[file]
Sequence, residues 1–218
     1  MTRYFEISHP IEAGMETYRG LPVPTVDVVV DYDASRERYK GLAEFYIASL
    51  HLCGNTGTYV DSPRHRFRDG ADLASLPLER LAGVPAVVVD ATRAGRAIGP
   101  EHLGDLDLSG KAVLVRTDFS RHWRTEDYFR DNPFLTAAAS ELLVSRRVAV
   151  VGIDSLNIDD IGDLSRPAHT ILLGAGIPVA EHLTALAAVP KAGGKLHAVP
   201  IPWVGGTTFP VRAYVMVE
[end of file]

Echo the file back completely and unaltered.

Sequence, residues 1–218
     1  MTRYFEISHP IEAGMETYRG LPVPTVDVVV DYDASRERYK GLAEFYIASL
    51  HLCGNTGTYV DSPRHRFRDG ADLASLPLER LAGVPAVVVD ATRAGRAIGP
   101  EHLGDLDLSG KAVLVRTDFS RHWRTEDYFR DNPFLTAAAS ELLVSRRVAV
   151  VGIDSLNIDD IGDLSRPAHT ILLGAGIPVA EHLTALAAVP KAGGKLHAVP
   201  IPWVGGTTFP VRAYVMVE